Carter said that top leaders in the Army, Navy, Air Force and U.S. Special Operations Command all recommended that all jobs be opened to women. The Marine Corps recommended that certain jobs such as machine gunner be kept closed, but the secretary said that the military is a joint force, and his decision will apply to everyone. The top Marine officer who made that recommendation, Gen. Joseph F. Dunford, became chairman of the Joint Chiefs of Staff in September, and did not appear alongside Carter on Thursday.

The services will have 30 days to provide plans to Carter on how they will implement the policy change, he said. By law, the military also must notify Congress formally and wait that long before making any changes.

The roots of the secretary’s decision date back to January 2013, when then-Defense Secretary Leon Panetta announced he was rescinding a longtime ban on women serving directly in ground combat units. Panetta gave the services until this fall to research the issue.

About 220,000 jobs, or about 10 percent, of the military remained closed to women before Thursday’s announcement, Carter said. Another 110,000 jobs in careers like artillery officer were opened in a series of decisions since 2013.

Army Maj. Lisa Jaster, center, embraces 1st Lt. Shaye Haver, left, and Capt. Kristen Griest, right, after a graduation ceremony at the Army’s Ranger School on Oct. 16, 2015, at Fort Benning, Ga. Jaster, who is the first Army Reserve female to graduate from the Army’s Ranger School, joins Griest and Haver as the third female soldier to complete the school. (Branden Camp/AP)

President Obama said in a statement that the Defense Department is “taking another historic step forward” by opening up all positions to women.

“As Commander in Chief, I know that this change, like others before it, will again make our military even stronger. Our armed forces will draw on an even wider pool of talent,” Obama said. “Women who can meet the high standards required will have new opportunities to serve. I know that, under the leadership of Secretary Carter and Chairman Dunford, our men and women in uniform will implement this transition — as they have others — in a responsible manner that maintains military readiness and the unparalleled professionalism and strength of our armed forces.”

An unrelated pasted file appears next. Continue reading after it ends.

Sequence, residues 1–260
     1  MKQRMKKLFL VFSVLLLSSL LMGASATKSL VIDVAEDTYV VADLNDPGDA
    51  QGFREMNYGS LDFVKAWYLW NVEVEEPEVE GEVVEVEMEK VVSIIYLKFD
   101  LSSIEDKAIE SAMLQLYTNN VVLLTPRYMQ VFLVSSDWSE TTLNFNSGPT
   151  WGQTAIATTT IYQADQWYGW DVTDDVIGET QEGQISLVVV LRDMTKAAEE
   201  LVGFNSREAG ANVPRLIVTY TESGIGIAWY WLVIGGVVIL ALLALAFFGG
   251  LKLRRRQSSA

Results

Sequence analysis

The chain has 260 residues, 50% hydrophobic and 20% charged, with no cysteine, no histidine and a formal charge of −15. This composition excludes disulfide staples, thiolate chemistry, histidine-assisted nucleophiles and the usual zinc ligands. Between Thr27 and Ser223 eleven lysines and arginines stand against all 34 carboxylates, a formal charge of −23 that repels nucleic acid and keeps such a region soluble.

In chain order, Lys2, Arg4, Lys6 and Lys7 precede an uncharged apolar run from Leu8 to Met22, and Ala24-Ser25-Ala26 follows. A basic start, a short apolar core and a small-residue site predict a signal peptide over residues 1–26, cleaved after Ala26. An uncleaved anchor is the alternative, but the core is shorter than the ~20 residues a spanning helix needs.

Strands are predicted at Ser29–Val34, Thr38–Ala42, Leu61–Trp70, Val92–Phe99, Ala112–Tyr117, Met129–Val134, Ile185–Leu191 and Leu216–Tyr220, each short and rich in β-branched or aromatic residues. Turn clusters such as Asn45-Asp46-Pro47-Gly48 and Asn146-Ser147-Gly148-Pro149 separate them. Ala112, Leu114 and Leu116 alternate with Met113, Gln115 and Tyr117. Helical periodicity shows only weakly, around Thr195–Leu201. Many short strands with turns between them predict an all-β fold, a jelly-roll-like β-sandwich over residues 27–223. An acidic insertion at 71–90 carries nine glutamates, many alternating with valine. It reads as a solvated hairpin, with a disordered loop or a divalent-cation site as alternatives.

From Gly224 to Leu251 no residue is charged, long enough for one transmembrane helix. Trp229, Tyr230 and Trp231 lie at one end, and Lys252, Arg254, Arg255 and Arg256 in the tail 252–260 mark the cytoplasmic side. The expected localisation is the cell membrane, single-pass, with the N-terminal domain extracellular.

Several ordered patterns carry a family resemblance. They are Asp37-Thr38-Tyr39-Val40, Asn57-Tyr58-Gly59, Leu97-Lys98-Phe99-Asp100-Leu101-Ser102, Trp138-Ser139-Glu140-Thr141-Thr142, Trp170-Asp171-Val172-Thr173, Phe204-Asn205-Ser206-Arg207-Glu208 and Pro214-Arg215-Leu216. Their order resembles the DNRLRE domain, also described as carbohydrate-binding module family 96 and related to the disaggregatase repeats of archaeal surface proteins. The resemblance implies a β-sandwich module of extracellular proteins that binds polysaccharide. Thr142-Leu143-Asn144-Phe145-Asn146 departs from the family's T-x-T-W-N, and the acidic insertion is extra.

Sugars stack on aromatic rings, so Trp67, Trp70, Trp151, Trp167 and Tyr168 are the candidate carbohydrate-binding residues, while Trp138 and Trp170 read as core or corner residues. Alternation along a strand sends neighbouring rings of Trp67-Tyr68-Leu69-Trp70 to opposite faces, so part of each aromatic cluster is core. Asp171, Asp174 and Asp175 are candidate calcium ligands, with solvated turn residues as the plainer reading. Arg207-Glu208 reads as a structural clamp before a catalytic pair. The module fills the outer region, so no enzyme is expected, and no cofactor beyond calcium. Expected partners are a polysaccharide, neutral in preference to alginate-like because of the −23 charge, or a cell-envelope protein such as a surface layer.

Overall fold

The issue has at times opened an uncommonly public rift between senior military leaders. In particular, Navy Secretary Ray Mabus took issue with a Marine Corps study that found that the average woman struggled to keep up with men, according to a number of metrics. The study did not track individual performance, drawing fire from Mabus and others in favor of full integration.

As the Marine Corps commandant, Dunford recommended to keep a number of jobs in infantry and reconnaissance units closed.Carter, asked why Dunford was not present for the announcement on Thursday, said that he and the general have talked extensively on the subject, and he “will be with me” as the services proceeds with making related changes.

[Marine experiment finds women shoot less accurately, get injured more frequently than men]

“He understands what my decision is, and my decision is my decision, and we will implement it accordingly,” Carter said.